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Cindi Katz

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Cindi Katz

Cindi Katz (born 1954, in New York City), a geographer, is a Professor in Environmental Psychology, Earth and Environmental Sciences, American Studies, and Women's Studies at the CUNY Graduate Center. Her work concerns social reproduction and the production of space, place and nature; children and the environment; the consequences of global economic restructuring for everyday life; and the intertwined spatialities of homeland and home-based security. She is a member of the Children's Environmental Research Group at the Center for Human Environments, and on the Advisory Boards of the Center for Place, Culture and Politics and the Women's Studies Certificate Program, both of which reside at the CUNY Graduate Center. She is a member of the Solidarity Board of Community Voices Heard in New York City.

Katz received her B.A., M.A., and Ph.D. from Clark University. She is known for her work on social reproduction and everyday life, children's geographies, her intervention on 'minor theory,' and the theoretical construct of counter-topography, which is a means of recognizing the historical and geographical specificities of particular places while inferring their analytic connections in relation to specific material social practices.[1][2] She has published widely on these themes as well as on social theory and the politics of knowledge in edited collections and in journals such as Environment and Planning D: Society and Space, Social Text, Signs, Feminist Studies, Annals of the Association of American Geographers, Social Justice, Gender, Place, and Culture, Cultural Geographies, Antipode (Journal), and "Public Culture." Katz was co-general editor of WSQ: Women's Studies Quarterly with Nancy K. Miller, Distinguished Professor of English, from 2004 to 2008. Katz and Miller were awarded the Council of Editors of Learned Journals (CELJ) 2007 Phoenix Award for Significant Editorial Achievement. This award is given to the most improved journal that has launched an overall effort of revitalization or transformation within the previous three years. She was a founding editor of Social and Cultural Geography and the first book review editor of Gender, Place, and Culture, and has served on the editorial boards of Annals of the Association of American Geographers, Environment and Planning D: Society and Space, Social Text, Professional Geographer, and Antipode.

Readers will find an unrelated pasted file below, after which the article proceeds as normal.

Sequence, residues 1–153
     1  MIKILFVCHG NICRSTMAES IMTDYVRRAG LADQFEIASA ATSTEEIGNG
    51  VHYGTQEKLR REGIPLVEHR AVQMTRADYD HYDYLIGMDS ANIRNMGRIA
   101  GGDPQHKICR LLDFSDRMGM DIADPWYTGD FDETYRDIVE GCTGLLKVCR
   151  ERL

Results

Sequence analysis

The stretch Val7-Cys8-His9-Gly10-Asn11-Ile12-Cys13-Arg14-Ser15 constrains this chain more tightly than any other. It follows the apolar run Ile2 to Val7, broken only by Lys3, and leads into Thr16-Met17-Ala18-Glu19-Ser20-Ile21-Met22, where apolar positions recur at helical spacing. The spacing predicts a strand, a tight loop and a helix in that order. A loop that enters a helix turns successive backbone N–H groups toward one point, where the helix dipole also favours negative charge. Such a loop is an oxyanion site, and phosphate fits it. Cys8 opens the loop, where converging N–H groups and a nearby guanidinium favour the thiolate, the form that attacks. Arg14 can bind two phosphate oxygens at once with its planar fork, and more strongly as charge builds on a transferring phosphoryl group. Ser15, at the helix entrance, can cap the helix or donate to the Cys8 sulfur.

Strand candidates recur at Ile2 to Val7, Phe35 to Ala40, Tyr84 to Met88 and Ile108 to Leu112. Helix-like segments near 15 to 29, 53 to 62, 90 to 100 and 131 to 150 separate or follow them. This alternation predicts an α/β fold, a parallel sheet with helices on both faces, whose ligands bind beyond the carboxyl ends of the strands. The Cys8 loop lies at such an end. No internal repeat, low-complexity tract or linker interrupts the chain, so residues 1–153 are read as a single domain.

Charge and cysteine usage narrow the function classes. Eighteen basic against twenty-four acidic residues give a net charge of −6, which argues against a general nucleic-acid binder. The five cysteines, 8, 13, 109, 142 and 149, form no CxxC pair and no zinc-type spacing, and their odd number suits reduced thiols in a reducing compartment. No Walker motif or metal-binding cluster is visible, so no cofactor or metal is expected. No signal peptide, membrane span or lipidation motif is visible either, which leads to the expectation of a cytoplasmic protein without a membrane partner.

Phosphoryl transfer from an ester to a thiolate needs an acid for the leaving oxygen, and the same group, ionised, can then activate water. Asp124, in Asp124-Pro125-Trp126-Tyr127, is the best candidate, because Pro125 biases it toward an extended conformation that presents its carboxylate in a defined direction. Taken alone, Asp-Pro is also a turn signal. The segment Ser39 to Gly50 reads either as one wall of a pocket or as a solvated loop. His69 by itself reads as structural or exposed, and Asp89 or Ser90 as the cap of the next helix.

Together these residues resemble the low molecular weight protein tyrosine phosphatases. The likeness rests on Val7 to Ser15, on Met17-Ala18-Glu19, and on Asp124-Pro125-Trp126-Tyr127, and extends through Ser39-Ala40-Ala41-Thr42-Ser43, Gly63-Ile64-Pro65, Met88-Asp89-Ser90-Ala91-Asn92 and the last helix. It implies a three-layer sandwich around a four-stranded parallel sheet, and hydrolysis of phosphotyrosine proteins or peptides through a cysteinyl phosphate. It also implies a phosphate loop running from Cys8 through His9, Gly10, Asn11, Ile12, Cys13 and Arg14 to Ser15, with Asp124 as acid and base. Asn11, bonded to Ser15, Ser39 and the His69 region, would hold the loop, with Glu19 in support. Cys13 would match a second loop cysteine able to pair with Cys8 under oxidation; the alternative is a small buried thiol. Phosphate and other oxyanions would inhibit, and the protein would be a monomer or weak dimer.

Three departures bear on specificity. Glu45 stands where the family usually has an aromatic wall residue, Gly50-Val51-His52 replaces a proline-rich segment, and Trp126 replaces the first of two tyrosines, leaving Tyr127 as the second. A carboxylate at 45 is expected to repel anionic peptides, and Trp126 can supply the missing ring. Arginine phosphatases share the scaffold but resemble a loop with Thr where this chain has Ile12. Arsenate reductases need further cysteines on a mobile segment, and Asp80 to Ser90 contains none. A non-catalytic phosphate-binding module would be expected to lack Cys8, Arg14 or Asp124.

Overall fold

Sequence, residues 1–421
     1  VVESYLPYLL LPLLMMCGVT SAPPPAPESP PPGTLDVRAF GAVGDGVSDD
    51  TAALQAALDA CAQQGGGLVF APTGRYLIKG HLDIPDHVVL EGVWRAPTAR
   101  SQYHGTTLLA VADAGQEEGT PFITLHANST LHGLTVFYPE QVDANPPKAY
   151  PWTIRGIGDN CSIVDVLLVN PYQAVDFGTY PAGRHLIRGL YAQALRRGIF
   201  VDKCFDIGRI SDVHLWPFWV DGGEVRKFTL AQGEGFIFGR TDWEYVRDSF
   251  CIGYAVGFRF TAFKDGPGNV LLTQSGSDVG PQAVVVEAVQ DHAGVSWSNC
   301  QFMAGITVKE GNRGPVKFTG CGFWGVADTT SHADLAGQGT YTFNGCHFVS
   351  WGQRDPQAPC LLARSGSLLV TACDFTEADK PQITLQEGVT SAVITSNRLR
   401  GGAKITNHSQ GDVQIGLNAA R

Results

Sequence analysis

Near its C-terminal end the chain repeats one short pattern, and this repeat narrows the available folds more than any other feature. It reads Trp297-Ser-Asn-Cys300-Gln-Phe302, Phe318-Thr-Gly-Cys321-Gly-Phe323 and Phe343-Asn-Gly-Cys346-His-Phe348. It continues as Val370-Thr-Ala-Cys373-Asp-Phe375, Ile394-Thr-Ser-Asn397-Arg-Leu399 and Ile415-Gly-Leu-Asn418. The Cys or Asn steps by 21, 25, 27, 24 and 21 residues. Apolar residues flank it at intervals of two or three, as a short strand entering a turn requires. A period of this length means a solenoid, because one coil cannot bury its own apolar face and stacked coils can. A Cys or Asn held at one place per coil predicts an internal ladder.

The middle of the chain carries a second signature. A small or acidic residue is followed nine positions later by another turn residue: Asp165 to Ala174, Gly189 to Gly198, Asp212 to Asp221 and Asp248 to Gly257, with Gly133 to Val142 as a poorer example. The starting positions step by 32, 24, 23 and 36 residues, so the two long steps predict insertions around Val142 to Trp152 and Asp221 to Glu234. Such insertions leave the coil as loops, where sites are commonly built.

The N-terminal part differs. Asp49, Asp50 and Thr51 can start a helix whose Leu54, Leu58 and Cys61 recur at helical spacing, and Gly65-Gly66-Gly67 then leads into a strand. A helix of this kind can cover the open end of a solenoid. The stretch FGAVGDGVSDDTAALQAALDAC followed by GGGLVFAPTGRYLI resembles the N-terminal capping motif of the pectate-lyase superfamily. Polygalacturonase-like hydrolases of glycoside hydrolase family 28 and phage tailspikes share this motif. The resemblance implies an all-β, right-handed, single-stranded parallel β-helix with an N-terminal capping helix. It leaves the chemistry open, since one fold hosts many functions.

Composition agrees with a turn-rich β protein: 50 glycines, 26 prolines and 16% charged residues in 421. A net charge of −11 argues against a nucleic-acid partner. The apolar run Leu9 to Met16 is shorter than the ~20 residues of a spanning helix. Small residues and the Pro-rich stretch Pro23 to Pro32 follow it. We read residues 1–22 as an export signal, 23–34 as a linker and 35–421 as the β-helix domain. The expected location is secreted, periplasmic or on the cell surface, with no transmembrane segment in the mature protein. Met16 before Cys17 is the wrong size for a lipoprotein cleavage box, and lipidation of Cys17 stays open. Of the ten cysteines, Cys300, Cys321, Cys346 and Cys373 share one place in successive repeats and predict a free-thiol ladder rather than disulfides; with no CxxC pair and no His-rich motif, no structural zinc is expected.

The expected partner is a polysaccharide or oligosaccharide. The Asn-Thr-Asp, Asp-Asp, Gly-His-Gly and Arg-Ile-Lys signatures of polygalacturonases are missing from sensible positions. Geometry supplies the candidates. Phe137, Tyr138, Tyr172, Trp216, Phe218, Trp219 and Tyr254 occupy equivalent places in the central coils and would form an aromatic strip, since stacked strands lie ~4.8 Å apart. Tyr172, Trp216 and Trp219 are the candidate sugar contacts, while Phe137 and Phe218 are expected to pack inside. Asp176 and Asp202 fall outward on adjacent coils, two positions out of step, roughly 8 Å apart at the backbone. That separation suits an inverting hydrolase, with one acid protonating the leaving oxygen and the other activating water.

Katz is the editor (with Janice Monk) of Full Circles: Geographies of Gender over the Life Course (Routledge 1993), of Life's Work: Geographies of Social Reproduction (with Sallie A. Marston and Katharyne Mitchell) (Blackwell 2004), and of "The People, Space, and Space Reader" (with Jen Jack Gieseking, William Mangold, Setha Low, and Susan Saegert) (Routledge 2014). Her 2004 book, Growing up Global: Economic Restructuring and Children's Everyday Lives (University of Minnesota Press), received the 2004 Meridian Book Award for the Outstanding Scholarly Work in Geography from the Association of American Geographers.[3] In 2003-04 Katz was a fellow at the Radcliffe Institute for Advanced Study at Harvard University, where she conducted research on U.S. childhood as spectacle.[4] In 2011-12 she was the Diane Middlebrook and Carl Djerassi Visiting Professor of Gender Studies at Cambridge University, and Helen Cam Visiting Fellow at Girton College.[5]

Cindi Katz Websites: http://cindikatz.ws.gc.cuny.edu/ http://www.gc.cuny.edu/Page-Elements/Academics-Research-Centers-Initiatives/Doctoral-Programs/Earth-and-Environmental-Sciences/Faculty-Bios/Cindi-Katz and http://cindikatz.org

References

  1. ^ Key Thinkers on Space and Place, Phil Hubbard and Rob Kitchen (Eds.), Sage. Chapter by Tracey Skelton, pp. 264-71.
  2. ^ The Dictionary of Human Geography, 5th Edition. D. Gregory, R. Johnston, G. Pratt, M. Watts and S. Whatmore (Eds.) Wiley-Blackwell, 2009.
  3. ^ Association of American Geographers
  4. ^ https://www.radcliffe.harvard.edu/people/cindi-katz
  5. ^ http://www.gender.cam.ac.uk/academicvisitors/vpfolder/vps
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